Martinson v. Violent Drug Traffickers Project, No. 95-2161, 1996 WL 411590 (D.D.C. July 11, 1996) (agency: the FOIA is inapplicable to state agencies).

Martinson v. Violent Drug Traffickers Project, No. 95-2161, 1996 U.S. Dist. LEXIS 11658 (D.D.C. Aug. 6, 1996) (duty to search: IRS, DEA, and ATF have conducted searches reasonably calculated to uncover all records responsive to plaintiff's FOIA request; agency need not demonstrate whether the documents exist) (Vaughn Index: finds DEA's Vaughn Index inadequate to provide the court with a meaningful review; it is not appropriate for the agency to submit a representative sampling when there were only 173 pages of located records; DEA must file a revised Index by August 23, 1996).

Master v. FBI, No. 95-1755 (D.D.C. Sept. 11, 1996) (plaintiff has not established that grounds exist for reconsideration of court's May 14, 1996 order, which held that the FBI's search was adequate and that a numerical discrepancy in its affidavit was the result of a clerical error).

Mavadia v. Caplinger, No. 95-3542, 1996 WL 592742 (E.D. La. Oct. 11, 1996) (Exemption 7 (threshold): threshold requirement met by INS investigation of plaintiff to determine whether plaintiff's resident status should be terminated or whether he should be criminally prosecuted) (Exemption 7(D): agency's affidavit indicates that all sources were given express promises of confidentiality; there has been no evidence to rebut these statements and no evidence of bad faith on the part of INS; in camera inspection of the withheld records indicates that the documents could not be redacted in any way that would not reveal the identities of the sources).

McNamara v. Dep't of Justice, 949 F. Supp. 478 (W.D. Tex. 1996) (Vaughn Index: defendants' affidavits do not sufficiently demonstrate why information about certain third parties was withheld under Exemptions 6 and 7(C); by January 31, 1997, four Justice Department components must provide court with a Vaughn Index adequately describing each responsive record within its possession, stating which exemption(s) apply, and explaining why the component believes the information falls within the exemption(s)) (duty to search: defendants properly limited their searches to just 2 individuals; defendants improperly limited the scope of its search to 5 Department of Justice components; plaintiff's FOIA request must be given to 8 additional Department of Justice components; because plaintiff's request has taken 2 years to reach this stage, orders that each of these 8 components process his request within 30 days of the entry of this order, or plaintiff's FOIA request will be considered to be denied) (by January 17, 1997, INS must make 2 submissions to the court: INS is ordered to explain to the court how this particular FOIA request could have gotten lost, when it was reportedly forwarded to INS on two separate occasions; INS is ordered to show the court under what authority it destroys records every 3 years).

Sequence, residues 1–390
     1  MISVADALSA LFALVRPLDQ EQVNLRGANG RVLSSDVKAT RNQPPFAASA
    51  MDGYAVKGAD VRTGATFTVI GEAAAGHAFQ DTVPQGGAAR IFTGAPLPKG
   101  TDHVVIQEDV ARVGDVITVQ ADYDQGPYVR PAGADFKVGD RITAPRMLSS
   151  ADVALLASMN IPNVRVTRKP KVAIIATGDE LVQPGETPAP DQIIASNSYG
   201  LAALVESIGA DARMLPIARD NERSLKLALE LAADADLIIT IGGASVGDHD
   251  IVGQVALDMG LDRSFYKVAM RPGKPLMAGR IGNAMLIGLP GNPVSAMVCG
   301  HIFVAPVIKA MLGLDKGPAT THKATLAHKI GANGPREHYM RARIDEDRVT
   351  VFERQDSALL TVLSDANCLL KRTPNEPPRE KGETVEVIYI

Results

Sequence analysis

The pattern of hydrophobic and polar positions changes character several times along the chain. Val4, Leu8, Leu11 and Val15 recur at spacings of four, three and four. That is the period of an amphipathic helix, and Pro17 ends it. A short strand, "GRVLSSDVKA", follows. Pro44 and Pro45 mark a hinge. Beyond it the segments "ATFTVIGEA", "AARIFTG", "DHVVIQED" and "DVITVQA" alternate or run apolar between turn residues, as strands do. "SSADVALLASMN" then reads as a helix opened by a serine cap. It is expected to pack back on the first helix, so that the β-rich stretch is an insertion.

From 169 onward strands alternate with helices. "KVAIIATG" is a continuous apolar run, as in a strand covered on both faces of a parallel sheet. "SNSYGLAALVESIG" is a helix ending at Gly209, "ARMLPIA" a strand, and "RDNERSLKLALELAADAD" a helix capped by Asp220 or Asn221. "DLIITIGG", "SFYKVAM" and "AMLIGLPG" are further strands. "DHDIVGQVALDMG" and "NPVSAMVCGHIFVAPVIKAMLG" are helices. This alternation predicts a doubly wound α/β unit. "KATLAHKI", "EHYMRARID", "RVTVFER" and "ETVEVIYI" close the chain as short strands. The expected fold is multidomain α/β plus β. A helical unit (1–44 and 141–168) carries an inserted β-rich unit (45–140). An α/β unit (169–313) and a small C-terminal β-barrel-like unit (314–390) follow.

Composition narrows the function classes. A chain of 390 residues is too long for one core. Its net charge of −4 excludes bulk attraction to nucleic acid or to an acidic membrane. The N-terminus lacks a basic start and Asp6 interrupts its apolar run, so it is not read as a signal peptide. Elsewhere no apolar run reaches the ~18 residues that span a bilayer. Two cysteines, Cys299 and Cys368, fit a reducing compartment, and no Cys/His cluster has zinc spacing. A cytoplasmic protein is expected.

Messino v. IRS, No. 94-1095, 1996 U.S. Dist. LEXIS 14464 (W.D. Mo. Sept. 16, 1996) (case dismissed for lack of subject matter jurisdiction; IRS has demonstrated that a reasonable search of its Kansas City office uncovered no records responsive to plaintiff's FOIA request).

Meyer v. Fed. Bureau of Prisons, 940 F. Supp. 9 (D.D.C. 1996) (summary judgment denied to defendant with respect to the narrow issue of whether 3 pages requested under the FOIA by plaintiff exist; by September 20, 1996, defendant shall file further briefing with respect to these 3 pages).